Desperate to escape his abusive father and the constraints of the civilized life, young Huck Finn fakes his death and, with the help of his slave friend Jim, embarks on a vagabond life rafting down the Mississippi River.
Yet life is anything but carefree for Huck and Jim. Their travels bring them into contact with scores of rogues, rascals, ruffians, hucksters, and law-abiding citizens who would as soon see Jim returned to his owners and Huck to his Pa.
Looking out for each other, Huck and Jim forge a bond that protects them from the prejudices and bigotry of their time and place, and a society whose rules and regulations seem as perplexing as they are inflexible.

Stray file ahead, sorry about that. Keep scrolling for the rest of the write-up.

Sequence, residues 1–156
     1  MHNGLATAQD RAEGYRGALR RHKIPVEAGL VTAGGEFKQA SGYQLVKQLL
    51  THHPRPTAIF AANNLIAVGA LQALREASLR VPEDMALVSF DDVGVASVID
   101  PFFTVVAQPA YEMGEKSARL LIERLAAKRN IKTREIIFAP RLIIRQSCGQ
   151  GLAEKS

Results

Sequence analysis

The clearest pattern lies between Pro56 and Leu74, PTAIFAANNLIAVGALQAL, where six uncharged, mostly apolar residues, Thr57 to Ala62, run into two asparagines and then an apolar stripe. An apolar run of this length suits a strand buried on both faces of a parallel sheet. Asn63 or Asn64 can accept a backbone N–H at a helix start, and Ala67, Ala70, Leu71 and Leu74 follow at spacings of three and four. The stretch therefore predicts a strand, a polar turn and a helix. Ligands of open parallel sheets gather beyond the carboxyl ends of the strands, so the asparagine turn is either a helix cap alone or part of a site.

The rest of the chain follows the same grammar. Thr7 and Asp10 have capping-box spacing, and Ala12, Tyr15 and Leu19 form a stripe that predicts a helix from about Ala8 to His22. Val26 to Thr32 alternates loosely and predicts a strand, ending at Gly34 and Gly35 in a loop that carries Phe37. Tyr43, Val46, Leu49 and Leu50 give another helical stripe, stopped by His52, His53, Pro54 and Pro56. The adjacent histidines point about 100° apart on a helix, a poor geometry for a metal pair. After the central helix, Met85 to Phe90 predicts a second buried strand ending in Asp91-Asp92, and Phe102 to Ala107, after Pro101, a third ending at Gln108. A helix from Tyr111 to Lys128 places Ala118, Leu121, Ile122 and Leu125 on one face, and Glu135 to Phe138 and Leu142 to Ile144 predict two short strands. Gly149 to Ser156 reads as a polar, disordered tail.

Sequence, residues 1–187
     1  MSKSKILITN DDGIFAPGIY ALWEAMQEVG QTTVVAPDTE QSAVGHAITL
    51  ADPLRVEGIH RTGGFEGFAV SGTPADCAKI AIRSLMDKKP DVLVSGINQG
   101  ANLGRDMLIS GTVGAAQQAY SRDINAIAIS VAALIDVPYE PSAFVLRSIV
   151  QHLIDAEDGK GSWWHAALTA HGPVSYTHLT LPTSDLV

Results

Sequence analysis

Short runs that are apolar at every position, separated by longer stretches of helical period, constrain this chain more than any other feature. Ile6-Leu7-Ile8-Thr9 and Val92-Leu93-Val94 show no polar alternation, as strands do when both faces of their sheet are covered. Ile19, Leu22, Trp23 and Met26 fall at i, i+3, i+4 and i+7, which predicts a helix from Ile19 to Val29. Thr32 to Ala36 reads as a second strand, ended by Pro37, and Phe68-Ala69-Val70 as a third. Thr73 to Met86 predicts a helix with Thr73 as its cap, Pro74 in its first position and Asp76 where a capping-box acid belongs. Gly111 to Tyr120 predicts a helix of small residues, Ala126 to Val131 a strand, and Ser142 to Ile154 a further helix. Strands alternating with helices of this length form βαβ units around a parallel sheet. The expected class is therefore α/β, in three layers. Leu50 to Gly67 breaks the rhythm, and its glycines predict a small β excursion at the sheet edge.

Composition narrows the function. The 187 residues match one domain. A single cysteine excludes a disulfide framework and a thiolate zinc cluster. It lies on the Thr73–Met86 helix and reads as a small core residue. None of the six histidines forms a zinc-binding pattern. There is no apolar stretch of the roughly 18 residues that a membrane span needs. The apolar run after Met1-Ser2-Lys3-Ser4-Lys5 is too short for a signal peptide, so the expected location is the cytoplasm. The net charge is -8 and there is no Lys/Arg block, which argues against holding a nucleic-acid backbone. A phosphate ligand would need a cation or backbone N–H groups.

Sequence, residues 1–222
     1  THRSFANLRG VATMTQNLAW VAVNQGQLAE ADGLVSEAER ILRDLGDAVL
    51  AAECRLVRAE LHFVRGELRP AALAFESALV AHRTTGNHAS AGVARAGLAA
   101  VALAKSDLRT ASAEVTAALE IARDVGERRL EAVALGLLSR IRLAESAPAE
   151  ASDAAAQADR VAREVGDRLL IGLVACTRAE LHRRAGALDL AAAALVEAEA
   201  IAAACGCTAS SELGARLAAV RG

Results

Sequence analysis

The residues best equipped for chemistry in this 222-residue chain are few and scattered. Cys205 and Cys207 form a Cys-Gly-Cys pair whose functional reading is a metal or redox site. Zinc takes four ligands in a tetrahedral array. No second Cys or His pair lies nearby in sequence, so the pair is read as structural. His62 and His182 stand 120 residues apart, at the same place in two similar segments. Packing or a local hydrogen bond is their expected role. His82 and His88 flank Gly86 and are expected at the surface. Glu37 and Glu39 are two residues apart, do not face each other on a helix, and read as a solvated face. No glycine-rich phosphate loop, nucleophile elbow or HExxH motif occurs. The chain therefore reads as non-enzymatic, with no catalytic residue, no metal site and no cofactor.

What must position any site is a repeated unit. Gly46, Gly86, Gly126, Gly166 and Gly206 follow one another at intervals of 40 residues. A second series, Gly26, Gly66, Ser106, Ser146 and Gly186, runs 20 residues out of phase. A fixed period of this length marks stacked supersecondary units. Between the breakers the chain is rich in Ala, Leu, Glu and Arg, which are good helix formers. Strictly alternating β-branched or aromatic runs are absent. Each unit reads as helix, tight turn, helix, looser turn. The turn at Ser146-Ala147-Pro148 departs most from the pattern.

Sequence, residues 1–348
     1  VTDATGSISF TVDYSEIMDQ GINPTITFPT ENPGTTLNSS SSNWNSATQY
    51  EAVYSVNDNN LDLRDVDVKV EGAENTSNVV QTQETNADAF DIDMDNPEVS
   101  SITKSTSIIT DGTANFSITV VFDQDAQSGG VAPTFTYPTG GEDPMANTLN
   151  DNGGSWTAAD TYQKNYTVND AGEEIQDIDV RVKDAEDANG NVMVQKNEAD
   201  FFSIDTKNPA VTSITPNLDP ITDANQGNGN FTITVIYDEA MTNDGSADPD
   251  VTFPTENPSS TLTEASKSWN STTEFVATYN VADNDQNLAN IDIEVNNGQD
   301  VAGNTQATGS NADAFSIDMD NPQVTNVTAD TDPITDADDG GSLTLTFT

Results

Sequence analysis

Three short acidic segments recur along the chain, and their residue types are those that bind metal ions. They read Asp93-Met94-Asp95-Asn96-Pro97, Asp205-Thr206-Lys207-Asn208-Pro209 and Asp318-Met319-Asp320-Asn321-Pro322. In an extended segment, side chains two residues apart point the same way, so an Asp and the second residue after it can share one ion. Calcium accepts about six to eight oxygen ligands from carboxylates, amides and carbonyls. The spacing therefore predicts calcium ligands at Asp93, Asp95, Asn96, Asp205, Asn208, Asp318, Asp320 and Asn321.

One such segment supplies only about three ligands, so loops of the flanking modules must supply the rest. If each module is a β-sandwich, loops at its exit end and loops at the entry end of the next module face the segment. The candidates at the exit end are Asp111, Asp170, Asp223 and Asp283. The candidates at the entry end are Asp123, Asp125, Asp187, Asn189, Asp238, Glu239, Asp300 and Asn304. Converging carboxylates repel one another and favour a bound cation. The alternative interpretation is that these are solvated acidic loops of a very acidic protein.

By turns hilarious and heartwarming, The Adventures of Huckleberry Finn is considered Mark Twain's masterpiece and one of the greatest novels written on the nineteenth-century American experience.
“All modern American literature comes from one book by Mark Twain called Huckleberry Finn. American writing comes from that. There was nothing before. There has been nothing as good since.” – Ernest Hemingway